Yet again we are hearing proposals for the establishment of specialist vocational colleges: we’ve heard this under a range of education ministers, of both parties and over several decades. This sounds sensible: the UK has many skills shortages, and specialist institutions seem to work in other areas like medicine. Why not establish a Voxbridge that will develop the excellence in technical skills that we need? Well, because the idea is neither practicable nor sensible. The reasons are:
- We do not need a few superb electricians/builders/social care/IT technicians. We need lots of them, good and competent, all over the country. They have been provided in the past by several hundred further and technical education colleges – the ones who have suffered the deepest education cuts in the past decade. It’s not an elite issue.
- No-one is quite sure what is meant by specialisation. Does it mean a college that does just one subject – (eg) electrical installation – and nothing else ? Wouldn’t that be impractical ? Would it do that subject at all levels, from elementary to post-degree ? Outside four or five major conurbations, the volumes would not be there to support such a college, unless we moved students from all over the region to halls of residence, which would be very expensive, impractical for adults who form the bulk of the workforce (and require grants and bursaries denied to all other students).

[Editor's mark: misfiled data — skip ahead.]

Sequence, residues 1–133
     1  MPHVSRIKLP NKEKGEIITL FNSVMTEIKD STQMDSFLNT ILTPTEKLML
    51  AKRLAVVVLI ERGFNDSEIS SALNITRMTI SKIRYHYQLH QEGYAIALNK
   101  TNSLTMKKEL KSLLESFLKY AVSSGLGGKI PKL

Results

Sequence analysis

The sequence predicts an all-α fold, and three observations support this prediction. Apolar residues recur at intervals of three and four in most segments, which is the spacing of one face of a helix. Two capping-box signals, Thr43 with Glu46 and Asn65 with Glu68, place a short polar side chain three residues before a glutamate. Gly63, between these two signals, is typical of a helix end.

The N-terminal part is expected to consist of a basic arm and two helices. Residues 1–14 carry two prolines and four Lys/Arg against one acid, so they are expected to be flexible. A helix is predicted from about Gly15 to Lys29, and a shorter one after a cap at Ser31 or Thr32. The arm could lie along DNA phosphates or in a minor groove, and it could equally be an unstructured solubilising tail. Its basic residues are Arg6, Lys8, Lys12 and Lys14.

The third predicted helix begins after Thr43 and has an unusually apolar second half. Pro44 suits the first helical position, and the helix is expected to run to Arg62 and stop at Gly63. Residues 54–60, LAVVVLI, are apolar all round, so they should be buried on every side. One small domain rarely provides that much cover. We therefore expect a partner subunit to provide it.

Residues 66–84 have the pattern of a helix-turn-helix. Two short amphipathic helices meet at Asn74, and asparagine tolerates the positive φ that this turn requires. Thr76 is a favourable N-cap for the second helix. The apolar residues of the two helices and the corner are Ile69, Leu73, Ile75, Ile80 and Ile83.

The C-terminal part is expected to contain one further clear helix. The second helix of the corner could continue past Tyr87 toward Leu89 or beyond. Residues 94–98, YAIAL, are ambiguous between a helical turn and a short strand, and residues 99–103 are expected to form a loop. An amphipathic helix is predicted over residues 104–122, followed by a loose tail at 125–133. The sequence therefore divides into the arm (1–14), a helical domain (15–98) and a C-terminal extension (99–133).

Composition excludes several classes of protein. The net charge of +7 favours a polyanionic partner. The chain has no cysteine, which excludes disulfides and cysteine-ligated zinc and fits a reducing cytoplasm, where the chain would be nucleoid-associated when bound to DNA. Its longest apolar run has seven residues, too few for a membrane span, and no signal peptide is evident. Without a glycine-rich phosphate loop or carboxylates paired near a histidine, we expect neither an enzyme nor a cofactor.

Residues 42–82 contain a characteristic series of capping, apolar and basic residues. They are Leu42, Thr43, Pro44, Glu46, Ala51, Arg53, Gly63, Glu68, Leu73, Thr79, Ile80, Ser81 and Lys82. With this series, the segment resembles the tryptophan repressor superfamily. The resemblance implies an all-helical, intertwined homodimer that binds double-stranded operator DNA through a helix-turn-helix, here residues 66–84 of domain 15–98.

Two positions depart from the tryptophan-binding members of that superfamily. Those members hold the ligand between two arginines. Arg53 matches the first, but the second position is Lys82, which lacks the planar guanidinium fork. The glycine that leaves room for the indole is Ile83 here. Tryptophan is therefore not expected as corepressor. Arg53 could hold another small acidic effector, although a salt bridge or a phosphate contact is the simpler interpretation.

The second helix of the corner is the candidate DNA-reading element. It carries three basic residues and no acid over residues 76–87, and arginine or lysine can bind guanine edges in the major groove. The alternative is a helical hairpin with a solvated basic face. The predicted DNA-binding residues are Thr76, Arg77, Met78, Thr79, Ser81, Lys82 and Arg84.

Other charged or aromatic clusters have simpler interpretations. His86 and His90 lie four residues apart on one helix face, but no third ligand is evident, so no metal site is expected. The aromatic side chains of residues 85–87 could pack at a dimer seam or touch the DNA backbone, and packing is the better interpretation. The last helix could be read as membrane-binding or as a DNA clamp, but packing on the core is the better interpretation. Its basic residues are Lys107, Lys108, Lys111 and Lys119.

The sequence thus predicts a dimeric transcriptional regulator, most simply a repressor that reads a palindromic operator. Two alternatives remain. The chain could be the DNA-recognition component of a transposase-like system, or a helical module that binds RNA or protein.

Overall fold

- Specialist colleges in the past proved more expensive than general colleges, and were kept alive by a funding fudge factor; despite that, some had to be rescued by merger with a larger neighbour. How long will the Treasury smile on the extra expense ?
- Is it proposed to establish an elite institution in every vocational area, from hairdressing to horticulture ? Really ? Will Scarborough send its apprentice hairdressers to Bradford ?
- Existing FE colleges already have specialist departments. They may be general colleges, but not all have every vocational area, because (eg) catering, building or engineering require critical student numbers and expensive equipment. Skills like motorcycle engineering, dental technology, carpet technology, musical instrument repair, are already specialised departments in general FE.